Mike Vernel: old head on young shoulders for Currie Chieftains

26-year-old has provided consistency and a hard edge in the engine-room Malleny men target an end-of-season play-off appearance

Mike Vernel leaves the field after Currie Chieftains' victory over Glasgow Hawks last weekend.
Mike Vernel leaves the field after Currie Chieftains' victory over Glasgow Hawks last weekend. Image: Anna Burns

A FOOTBALL pundit once said you win nothing with kids. The ball may be a different shape, but Currie Chieftains want to disprove that theory by relying on a largely untested group of players for the Tennent’s Premiership campaign. 

Indeed, it’s a sign of the youthful cohort currently vying for a place in the squad at Malleny Park that Mike Vernel is considered an older head.

For several seasons he has been a first team regular and a model of consistency. Now, despite being a long way short of veteran status, Vernel has been handed the task of helping with the development of some of the club’s rising stars. And he is relishing the added responsibility.

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“It’s weird being 26 and being one of the really old guys”, he laughs. “It’s about being a bit of a mentor to some of the really young guys like Josh O’Brien and Hamish Ferguson. Hamish has just turned 18 in August. There’s a lot of potential there so it’s important to maximise that and get the most out of them for themselves and also for the club.”

The list of summer departures was longer than normal. As a consequence, around a dozen players aged 20 or less have been involved in the first team so far this season. For Vernel, the opportunity the youngsters are being given is important at a club that has long been admired for its youth policy and a coaching philosophy that encourages those with talent to go as far as they can in the game.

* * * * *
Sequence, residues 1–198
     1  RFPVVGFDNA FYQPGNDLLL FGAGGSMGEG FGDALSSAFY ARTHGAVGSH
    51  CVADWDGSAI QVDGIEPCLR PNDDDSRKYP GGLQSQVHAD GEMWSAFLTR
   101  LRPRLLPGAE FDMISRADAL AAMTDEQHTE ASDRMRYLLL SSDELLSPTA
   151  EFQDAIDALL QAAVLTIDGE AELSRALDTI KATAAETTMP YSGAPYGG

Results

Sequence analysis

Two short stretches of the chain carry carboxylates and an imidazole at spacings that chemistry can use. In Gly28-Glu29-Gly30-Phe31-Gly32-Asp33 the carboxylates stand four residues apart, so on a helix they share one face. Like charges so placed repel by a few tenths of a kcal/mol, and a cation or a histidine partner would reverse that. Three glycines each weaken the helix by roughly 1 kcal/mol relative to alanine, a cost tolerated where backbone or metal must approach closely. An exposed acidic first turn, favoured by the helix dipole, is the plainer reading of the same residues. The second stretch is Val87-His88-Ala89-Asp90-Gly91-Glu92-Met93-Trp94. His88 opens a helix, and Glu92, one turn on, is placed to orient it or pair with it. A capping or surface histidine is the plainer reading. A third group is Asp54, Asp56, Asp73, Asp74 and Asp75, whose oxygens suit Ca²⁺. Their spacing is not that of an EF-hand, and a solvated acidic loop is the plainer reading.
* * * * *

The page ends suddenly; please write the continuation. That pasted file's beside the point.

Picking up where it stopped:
“We had a bit of a turnover, some to Super6 and other guys moving on. It’s just something we go through. It’s something I’ve been through in previous years and we just have to pick it up and move on,” he says.

He admits that it has been a steep learning curve in the early weeks of the Tennent’s Premiership campaign for the new-look Chieftains squad, but he is confident that the lessons are being learned.

“Games like down at Marr are a bit of a baptism of fire for guys who are 18 or 19 years old. It’s moving in the right direction. It’s obviously a challenge but one we relish,” he adds.

As Vernel explains, he is now firmly engrained in the Chieftains set-up, having joined the club when he moved East to study.

“This is my ninth season at the club. I came here when I was 18”, he recounts. “I grew up in Glasgow and went to St Aloysius College and played at Allan Glen’s. I played mostly at school and then I was training at Glasgow Hawks pre-season before I came to uni at Heriot Watt. Jamie Dempsey (coach at Hawks) got in touch with Ally Donaldson and I came here. I had a couple of the years in the seconds then moved through.”